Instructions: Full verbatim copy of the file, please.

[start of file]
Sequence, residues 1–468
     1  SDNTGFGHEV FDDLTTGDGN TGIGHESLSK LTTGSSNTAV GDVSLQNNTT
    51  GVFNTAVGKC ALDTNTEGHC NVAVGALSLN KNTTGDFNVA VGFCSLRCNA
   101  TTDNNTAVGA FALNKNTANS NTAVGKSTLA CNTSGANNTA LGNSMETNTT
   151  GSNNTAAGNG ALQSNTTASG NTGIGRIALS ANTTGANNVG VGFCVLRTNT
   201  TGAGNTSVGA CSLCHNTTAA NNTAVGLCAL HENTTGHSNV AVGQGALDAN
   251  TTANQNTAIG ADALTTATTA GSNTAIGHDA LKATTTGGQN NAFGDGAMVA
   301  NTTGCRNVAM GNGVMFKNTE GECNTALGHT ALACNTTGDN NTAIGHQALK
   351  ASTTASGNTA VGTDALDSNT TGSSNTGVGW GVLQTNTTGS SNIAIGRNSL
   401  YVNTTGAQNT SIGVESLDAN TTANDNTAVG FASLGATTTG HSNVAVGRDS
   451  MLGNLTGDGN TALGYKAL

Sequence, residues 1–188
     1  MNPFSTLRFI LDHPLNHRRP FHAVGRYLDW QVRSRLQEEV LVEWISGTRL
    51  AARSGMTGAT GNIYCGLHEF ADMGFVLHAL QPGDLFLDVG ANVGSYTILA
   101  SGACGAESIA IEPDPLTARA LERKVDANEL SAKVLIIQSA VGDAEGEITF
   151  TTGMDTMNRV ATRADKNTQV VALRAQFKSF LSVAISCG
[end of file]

Sequence, residues 1–468
     1  SDNTGFGHEV FDDLTTGDGN TGIGHESLSK LTTGSSNTAV GDVSLQNNTT
    51  GVFNTAVGKC ALDTNTEGHC NVAVGALSLN KNTTGDFNVA VGFCSLRCNA
   101  TTDNNTAVGA FALNKNTANS NTAVGKSTLA CNTSGANNTA LGNSMETNTT
   151  GSNNTAAGNG ALQSNTTASG NTGIGRIALS ANTTGANNVG VGFCVLRTNT
   201  TGAGNTSVGA CSLCHNTTAA NNTAVGLCAL HENTTGHSNV AVGQGALDAN
   251  TTANQNTAIG ADALTTATTA GSNTAIGHDA LKATTTGGQN NAFGDGAMVA
   301  NTTGCRNVAM GNGVMFKNTE GECNTALGHT ALACNTTGDN NTAIGHQALK
   351  ASTTASGNTA VGTDALDSNT TGSSNTGVGW GVLQTNTTGS SNIAIGRNSL
   401  YVNTTGAQNT SIGVESLDAN TTANDNTAVG FASLGATTTG HSNVAVGRDS
   451  MLGNLTGDGN TALGYKAL

Sequence, residues 1–188
     1  MNPFSTLRFI LDHPLNHRRP FHAVGRYLDW QVRSRLQEEV LVEWISGTRL
    51  AARSGMTGAT GNIYCGLHEF ADMGFVLHAL QPGDLFLDVG ANVGSYTILA
   101  SGACGAESIA IEPDPLTARA LERKVDANEL SAKVLIIQSA VGDAEGEITF
   151  TTGMDTMNRV ATRADKNTQV VALRAQFKSF LSVAISCG